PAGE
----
About a minute had passed since Gerard Doherty welcomed me into his office on Franklin Street in Boston, and he had already launched into one of his favorite stories about the Kennedy brothers, one involving Ted Kennedy and a bathtub in central Massachusetts.
“Ted was accustomed to soaking in a tub every afternoon for half an hour to relax,” Doherty said. “It was toward the end of a long day of campaigning and we were in a small, remote town in central Mass when he urged me to find a tub for him. We came upon a home and I walked up and knocked on the front door and explained the situation. The man who answered didn’t believe me!”
In the end, the confused homeowner obliged after seeing Kennedy in the flesh, providing Doherty with a particularly entertaining anecdote, one of many in his new book, “They Were My Friends—Jack, Bob and Ted.”
Doherty, 89, has long been an eminent figure in Boston’s political realm. A Charlestown native, he has been many things: state representative, Democratic Party chairman in Massachusetts, lawyer, real estate broker. But most notably, he was a political advisor, strategist, and campaign manager who worked on the front lines for President John F. Kennedy, US attorney general and US Senator Robert Kennedy, and US Sen. Edward Kennedy.
Doherty has seen a lot and done even more, in the process amassing a wealth of political and life wisdom over the years, as well as quite a few good stories to tell.
His storytelling takes center stage in the autobiographical memoir, which spans the nearly ten decades of his life, recounting whimsical moments like the bathtub saga with bemused candor while recalling moments of tragedy with grace.
Doherty touches on each of the many phases of his life, including his education at Harvard and beyond, his bout with tuberculosis as a young man, and his first foray into politics.
Employing a matter-of-fact narrative voice, he works his way through the throngs of people who have made an impact on his life in one way or another, revealing a complex web of personal connections at the center of which he often found himself.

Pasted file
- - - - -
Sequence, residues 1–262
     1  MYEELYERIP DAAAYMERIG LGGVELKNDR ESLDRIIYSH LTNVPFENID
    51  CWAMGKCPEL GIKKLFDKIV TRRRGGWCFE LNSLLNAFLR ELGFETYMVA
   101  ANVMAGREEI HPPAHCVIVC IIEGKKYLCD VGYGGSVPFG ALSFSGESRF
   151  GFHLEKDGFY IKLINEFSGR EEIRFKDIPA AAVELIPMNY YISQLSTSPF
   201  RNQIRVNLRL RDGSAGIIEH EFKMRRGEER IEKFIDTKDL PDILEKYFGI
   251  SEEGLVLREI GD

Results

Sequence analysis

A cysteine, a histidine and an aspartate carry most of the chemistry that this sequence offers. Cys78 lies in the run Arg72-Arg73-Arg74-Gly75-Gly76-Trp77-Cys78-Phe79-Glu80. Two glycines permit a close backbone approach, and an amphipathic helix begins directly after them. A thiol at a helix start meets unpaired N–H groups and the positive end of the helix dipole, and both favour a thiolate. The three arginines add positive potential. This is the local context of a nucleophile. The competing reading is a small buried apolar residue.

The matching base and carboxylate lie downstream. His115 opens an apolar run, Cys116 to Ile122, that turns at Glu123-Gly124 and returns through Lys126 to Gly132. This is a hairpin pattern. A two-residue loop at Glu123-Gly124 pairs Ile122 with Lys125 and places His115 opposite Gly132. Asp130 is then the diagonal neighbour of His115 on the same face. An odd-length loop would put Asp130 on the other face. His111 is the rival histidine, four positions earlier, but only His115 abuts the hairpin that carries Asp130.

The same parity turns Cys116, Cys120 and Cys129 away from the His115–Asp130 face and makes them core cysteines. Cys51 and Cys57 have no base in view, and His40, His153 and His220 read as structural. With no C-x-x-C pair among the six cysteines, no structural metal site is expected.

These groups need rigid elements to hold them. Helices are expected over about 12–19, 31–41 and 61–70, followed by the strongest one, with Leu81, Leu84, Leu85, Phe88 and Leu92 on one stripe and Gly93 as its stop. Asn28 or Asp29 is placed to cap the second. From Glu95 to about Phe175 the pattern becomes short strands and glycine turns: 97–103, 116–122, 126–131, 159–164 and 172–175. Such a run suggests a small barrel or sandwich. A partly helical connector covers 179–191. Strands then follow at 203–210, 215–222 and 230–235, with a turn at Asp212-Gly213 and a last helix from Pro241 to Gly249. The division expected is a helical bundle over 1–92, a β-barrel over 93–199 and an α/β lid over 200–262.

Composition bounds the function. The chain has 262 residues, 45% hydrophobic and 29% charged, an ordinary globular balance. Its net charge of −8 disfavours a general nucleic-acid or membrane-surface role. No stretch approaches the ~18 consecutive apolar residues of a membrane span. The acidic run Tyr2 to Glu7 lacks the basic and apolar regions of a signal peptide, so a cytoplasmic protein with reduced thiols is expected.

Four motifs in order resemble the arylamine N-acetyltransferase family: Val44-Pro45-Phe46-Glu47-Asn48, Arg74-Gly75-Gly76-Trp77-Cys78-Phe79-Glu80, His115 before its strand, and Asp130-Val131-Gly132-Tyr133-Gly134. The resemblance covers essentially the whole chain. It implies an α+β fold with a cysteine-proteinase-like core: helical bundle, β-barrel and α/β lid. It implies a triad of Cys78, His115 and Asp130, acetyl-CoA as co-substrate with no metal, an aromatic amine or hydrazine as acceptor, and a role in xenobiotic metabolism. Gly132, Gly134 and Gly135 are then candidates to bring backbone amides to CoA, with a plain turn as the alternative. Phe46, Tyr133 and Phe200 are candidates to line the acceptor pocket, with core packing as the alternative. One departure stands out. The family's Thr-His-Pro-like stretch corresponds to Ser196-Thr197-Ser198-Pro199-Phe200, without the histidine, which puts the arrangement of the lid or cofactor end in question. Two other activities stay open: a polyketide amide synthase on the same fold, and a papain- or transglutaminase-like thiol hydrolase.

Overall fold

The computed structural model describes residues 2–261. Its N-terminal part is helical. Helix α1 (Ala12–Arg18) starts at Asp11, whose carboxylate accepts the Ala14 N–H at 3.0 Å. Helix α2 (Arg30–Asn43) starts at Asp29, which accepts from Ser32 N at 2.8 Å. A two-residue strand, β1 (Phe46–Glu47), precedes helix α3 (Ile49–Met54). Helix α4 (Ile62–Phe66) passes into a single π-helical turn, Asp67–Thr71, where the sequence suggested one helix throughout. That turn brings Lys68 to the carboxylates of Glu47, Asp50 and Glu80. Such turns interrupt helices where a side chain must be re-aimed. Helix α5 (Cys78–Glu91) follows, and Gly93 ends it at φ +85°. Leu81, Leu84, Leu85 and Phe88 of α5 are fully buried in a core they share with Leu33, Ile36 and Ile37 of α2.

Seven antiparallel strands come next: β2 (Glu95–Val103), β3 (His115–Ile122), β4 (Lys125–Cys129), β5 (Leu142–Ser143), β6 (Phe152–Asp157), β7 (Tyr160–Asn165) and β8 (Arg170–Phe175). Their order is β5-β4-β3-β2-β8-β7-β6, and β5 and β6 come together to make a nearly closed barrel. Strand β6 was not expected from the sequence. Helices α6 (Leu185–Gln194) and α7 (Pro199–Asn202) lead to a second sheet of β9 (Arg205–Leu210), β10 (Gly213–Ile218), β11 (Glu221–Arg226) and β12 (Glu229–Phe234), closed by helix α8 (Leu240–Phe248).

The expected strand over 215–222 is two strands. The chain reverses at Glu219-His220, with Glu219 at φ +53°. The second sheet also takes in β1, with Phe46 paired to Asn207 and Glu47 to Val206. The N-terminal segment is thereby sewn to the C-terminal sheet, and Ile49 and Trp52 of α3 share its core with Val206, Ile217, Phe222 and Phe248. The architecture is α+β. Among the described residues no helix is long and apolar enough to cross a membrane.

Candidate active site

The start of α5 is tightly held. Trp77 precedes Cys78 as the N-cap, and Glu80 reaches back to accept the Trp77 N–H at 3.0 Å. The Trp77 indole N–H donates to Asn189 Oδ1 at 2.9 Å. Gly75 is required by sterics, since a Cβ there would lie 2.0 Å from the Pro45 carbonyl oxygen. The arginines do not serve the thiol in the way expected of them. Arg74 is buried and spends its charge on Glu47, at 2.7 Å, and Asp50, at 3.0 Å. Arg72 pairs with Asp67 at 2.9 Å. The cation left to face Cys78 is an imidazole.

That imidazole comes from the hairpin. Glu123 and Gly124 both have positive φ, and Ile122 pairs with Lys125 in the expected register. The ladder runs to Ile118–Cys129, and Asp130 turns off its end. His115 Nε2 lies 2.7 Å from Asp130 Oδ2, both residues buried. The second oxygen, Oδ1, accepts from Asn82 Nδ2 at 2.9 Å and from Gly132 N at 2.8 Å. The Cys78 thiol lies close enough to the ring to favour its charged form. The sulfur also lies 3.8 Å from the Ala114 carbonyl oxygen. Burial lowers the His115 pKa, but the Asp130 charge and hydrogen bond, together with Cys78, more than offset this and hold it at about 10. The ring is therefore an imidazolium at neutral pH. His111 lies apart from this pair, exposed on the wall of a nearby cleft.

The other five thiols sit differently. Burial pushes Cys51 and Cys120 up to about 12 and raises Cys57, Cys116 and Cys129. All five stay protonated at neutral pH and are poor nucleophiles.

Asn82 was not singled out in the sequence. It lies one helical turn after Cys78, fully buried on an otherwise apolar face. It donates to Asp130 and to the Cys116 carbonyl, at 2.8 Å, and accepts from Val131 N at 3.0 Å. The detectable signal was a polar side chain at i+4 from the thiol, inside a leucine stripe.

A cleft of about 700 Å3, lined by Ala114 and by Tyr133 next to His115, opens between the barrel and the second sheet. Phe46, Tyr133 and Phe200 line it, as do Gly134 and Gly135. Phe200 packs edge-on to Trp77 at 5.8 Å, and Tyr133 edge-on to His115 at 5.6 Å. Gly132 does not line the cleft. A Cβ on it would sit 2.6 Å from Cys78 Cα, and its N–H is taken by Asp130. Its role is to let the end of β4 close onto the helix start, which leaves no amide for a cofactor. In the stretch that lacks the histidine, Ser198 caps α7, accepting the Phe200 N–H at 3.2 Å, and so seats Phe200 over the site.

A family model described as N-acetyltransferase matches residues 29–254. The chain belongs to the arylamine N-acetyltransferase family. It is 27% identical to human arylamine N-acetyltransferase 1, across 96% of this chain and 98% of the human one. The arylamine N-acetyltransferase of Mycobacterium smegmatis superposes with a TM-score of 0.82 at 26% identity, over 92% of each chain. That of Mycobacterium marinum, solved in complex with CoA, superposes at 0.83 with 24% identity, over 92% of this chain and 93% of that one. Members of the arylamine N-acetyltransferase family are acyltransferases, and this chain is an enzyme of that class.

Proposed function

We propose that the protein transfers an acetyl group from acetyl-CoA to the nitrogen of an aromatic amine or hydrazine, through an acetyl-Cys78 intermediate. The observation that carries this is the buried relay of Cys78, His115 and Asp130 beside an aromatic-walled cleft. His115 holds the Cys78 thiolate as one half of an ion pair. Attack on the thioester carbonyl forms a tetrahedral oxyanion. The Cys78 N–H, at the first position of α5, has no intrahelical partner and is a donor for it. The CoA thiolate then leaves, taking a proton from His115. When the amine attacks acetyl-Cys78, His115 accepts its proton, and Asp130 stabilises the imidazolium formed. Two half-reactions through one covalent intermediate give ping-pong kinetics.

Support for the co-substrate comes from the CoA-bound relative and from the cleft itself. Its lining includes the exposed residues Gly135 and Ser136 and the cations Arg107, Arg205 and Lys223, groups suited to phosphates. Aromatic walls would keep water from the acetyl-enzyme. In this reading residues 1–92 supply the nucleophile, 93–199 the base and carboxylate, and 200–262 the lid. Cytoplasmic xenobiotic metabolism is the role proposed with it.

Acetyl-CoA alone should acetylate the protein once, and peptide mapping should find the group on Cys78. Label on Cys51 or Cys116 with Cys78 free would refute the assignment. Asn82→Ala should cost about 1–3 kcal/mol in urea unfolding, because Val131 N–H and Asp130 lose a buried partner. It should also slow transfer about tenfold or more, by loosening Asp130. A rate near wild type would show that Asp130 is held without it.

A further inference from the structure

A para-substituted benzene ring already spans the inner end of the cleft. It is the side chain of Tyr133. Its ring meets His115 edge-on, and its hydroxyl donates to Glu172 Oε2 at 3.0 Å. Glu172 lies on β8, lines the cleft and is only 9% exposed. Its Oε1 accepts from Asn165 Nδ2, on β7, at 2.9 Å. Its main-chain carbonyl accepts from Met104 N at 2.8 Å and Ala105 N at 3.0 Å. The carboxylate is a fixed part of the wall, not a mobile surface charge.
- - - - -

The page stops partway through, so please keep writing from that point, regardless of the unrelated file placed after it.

From his childhood days playing sandlot football to his experience campaigning door to door as a state representative, Doherty presents an intimate portrait of his hometown, its Irish Catholic history, and its complicated political past.
From his stories of success on the campaign trail, it’s clear that the political savvy he learned in Charlestown proved useful on both the state and national level. Doherty’s boldness and creativity were instrumental in a number of political victories, including one in Indiana during RFK’s presidential campaign when Doherty, in what he calls “a Machiavellian idea,” solicited the help of a local marching band to help rally support and gather signatures at community churches.
In addition to its treasure trove of stories and anecdotes, “They Were My Friends” also includes a number of previously unreleased photographs from Doherty’s personal collection, many of which hang on the wall in his office. One memorable photo depicts Ted Kennedy reaching up to shake the hand of a lineman perched halfway up a telephone pole. The book is full of presentations like these – rare, candid glimpses into the lives of the Kennedys from someone who maintained a close relationship with the family for decades on end.
The JFK Library hosted a conversation with Doherty and WGBH’s Jim Braude on Oct. 15. At the conclusion, Braude read the one line from the book that he thought to be “wildly untrue.” Doherty was recalling a meeting with two politicians during which he was forced to stall. He writes, “I then did something I do quite well. I talked for a very long time without saying anything of consequence.”
Whether this was Doherty being transparent or simply modest, readers of his book will find at the end that they have learned a great deal about a figure who has permanently cemented his legacy as a significant figure in Boston and American politics.